Russia and Ukraine 'dig in' with no peace talks in sight

Western officials see no sign of 'Plan B' in Kremlin thinking

Kyiv has suffered power cuts amid Russian attacks on its energy infrastructure as winter sets in. Getty Images
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Russia and Ukraine are digging in for a long winter as the war drags on with no end in sight, western officials have said.

More than eight months into the invasion, officials are pessimistic that Russia will sit down for meaningful peace talks any time soon.

Allies of Ukraine are providing cold-weather gear to Ukrainian forces as winter approaches.

A prolonged stalemate would frustrate the hopes of Ukrainian President Volodymyr Zelenskyy that his country would gain the upper hand by December.

Although Ukraine made notable gains in an autumn counter-offensive, its progress on the battlefield in recent weeks has been slow.

One western official said on Wednesday that there was no end to the war in sight, with both sides “digging in now for the long winter ahead, as temperatures start to fall”.

“This is going to continue to be a long, difficult, bloody conflict,” the official said.

The official added that existing Russian offers to negotiate were not serious and amounted to demanding Ukraine's surrender.

On the Kremlin's thinking, the official said: “I do not think we are seeing signs that there is any sort of serious reappraisal. We're not seeing signs yet that there might be a Plan B.”

Russian President Vladimir Putin has shown no sign of backing down from his invasion. Reuters

The US said last week that it did not see either Ukraine or Russia as likely to return to the negotiating table soon.

Mr Zelenskyy has signalled that his focus is the counter-offensive and that he does not want to negotiate at present, Pentagon official John Kirby said.

“He gets to determine what, or what he is not, willing to negotiate with the Russians. But we’re just not there yet,” Mr Kirby said.

Russia and Ukraine held tentative peace talks in the early weeks of the war, in which Mr Zelenskyy indicated he could accept a form of neutrality in lieu of Nato membership.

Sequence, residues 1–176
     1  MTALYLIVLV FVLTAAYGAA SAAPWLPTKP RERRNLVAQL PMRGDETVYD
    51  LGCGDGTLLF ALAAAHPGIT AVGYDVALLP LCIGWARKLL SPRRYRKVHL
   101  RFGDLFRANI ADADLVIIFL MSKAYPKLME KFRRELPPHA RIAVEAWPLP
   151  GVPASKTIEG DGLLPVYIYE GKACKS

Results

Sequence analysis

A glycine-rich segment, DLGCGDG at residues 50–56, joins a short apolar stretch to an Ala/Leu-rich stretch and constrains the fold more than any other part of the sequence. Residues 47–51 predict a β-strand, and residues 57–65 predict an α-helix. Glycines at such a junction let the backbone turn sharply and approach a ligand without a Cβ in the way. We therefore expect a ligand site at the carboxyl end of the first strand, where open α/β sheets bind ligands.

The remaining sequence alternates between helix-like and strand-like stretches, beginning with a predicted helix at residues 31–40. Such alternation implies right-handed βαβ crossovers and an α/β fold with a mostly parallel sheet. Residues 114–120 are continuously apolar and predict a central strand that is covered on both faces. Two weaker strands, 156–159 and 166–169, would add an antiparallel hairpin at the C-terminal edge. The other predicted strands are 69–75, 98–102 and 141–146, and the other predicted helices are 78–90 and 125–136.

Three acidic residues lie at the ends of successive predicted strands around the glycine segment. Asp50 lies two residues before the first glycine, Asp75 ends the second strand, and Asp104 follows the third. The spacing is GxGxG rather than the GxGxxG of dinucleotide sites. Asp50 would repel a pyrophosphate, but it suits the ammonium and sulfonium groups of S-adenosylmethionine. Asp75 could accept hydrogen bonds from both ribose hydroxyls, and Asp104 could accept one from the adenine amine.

But the talks came to a standstill after civilian massacres were discovered in towns near Kyiv, such as Bucha, and have yet to be revived.

Turkey, which helped to broker a grain deal signed separately by Russia and Ukraine, has offered itself as a mediator in potential future talks.

The western official said on Wednesday that Russia was hoping to “terrify and cow the Ukrainian people” by attacking key infrastructure in air strikes.

Ukraine and its western allies say Russian armed forces are using Iranian-made drones as part of their attacks — something Moscow denies.

Russia has hit back with claims that Britain is linked to the Nord Stream pipeline explosions or attacks on the Crimean peninsula, which London in turn denies.

Ukraine conflict — in pictures

Moscow said on Wednesday it would call in the British ambassador “in the near future” to hand over supposed evidence linking the UK to an attack on its Black Sea fleet.

Britain on Wednesday announced further sanctions against steel and petrochemical tycoons it said were involved in funding Russia's invasion of Ukraine.

The four oligarchs, Albert Shigabutdinov, Airat Shaimiev, Alexander Abramov and Alexander Frolov, are being hit with asset freezes and travel bans, as has happened with more than 100 others.

“By targeting these individuals, we are ramping up the economic pressure on [Russian President Vladimir] Putin and will continue to do so until Ukraine prevails,” UK Foreign Secretary James Cleverly said.

The western official said outrage over the invasion was still being communicated directly to the Russian leadership even as it shows little sign of changing course.

“The best thing for Ukraine is for Russia to stop this, so I think we need to keep delivering that message,” the official said. “We need to keep reminding them that they do have a choice.”

Updated: November 02, 2022, 3:21 PM